John Grobler: Yes, it is all due to the rise in upward mobility in China, where everybody now desires to own hardwood furniture. No cheap pine stuff like the rest of us, they want the redwood, also called hongmu. Now, it has to be noted there are various kinds of rosewoods, some are much much more rare and much more precious than others. Namibia’s redwood, because it’s a slower-growing species tends to be towards the upper end of the most desirable rosewood.
Because it grows so slow, the wood is much, much harder so you can do much more with it. So China’s lifting of 300-400 million people out of poverty has had a knock-on effect all over the world and most visibly seen in the forests up north in Okavango. The Chinese took it all. They will go in and hunt these massive old trees that grow to towering heights of eight, nine meters. They can be spotted from far away and therefore always the first to go.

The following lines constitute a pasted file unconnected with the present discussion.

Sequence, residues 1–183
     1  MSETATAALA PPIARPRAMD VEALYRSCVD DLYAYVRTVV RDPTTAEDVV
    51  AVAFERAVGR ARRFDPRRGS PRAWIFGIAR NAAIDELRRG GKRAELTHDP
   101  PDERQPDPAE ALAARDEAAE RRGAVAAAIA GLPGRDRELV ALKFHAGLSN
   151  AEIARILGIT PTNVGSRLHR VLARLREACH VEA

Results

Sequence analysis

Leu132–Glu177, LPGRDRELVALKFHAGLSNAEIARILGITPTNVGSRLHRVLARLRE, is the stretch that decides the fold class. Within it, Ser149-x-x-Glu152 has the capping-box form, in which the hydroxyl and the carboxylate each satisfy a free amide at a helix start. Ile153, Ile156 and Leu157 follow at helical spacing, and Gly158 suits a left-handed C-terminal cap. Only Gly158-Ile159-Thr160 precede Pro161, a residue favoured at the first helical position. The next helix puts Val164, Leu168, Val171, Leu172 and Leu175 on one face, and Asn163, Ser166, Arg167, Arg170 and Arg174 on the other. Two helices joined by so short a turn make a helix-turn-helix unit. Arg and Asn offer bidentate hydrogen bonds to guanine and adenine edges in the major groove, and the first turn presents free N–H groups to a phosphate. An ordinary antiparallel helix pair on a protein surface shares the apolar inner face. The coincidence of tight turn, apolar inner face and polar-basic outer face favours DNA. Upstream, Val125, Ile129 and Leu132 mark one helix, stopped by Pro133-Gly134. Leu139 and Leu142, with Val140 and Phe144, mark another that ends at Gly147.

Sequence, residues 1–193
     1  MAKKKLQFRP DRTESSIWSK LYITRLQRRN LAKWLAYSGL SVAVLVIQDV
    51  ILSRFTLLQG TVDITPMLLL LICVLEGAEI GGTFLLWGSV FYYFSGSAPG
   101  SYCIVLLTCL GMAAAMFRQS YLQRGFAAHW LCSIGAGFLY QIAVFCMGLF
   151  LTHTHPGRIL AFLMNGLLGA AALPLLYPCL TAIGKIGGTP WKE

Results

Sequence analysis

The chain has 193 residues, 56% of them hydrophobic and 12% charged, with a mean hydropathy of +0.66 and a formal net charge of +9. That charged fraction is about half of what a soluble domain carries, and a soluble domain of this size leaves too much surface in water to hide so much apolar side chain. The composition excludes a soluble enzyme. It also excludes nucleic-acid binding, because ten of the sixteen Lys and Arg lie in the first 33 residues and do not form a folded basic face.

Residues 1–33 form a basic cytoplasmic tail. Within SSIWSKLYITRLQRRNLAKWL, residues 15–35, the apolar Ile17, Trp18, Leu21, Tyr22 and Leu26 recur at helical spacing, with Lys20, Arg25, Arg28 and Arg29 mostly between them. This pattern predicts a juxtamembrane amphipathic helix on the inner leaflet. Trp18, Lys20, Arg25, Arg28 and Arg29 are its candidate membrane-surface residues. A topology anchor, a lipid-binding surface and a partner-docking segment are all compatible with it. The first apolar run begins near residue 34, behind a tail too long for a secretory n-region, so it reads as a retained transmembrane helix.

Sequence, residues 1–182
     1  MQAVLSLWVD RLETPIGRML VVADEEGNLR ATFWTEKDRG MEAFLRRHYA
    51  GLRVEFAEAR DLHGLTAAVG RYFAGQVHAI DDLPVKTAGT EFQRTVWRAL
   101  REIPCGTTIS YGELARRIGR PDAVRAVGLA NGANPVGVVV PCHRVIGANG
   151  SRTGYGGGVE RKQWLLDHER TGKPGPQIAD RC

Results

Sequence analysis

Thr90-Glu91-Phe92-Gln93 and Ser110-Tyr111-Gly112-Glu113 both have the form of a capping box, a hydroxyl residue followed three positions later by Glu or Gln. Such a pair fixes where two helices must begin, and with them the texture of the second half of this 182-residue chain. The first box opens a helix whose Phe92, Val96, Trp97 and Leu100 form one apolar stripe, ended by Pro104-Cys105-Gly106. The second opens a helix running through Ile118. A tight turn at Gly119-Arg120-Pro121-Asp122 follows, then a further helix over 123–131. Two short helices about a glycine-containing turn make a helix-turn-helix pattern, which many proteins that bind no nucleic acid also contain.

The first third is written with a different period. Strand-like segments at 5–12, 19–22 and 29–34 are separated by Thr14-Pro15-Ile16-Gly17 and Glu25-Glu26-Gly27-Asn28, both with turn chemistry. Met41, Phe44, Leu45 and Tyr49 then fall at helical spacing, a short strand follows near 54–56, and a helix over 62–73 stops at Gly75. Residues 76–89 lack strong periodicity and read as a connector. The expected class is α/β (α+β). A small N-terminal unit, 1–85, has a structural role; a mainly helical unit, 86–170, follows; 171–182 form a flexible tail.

Nick Wallis: So was it your spotting of these lorries that were loaded with felled hardwood that first got you interested in what was going on up in Caprivi? Because the geography of Namibia is extraordinary and as you said it’s vast, so something must have been going on for those trucks to be seen on their way to port, but you obviously then had to put two and two together and see what the actual story was.
John Grobler: Well I started seeing all these trucks coming into the Walvis Bay port, I was on holiday down the coast with my daughter, but I started following these trucks around because I couldn’t believe the size of these logs that were coming through and I knew that something was off because, first of all, there is not a history or there wasn’t a history of logging at all in this country, because the forestry resources have always been very strictly protected.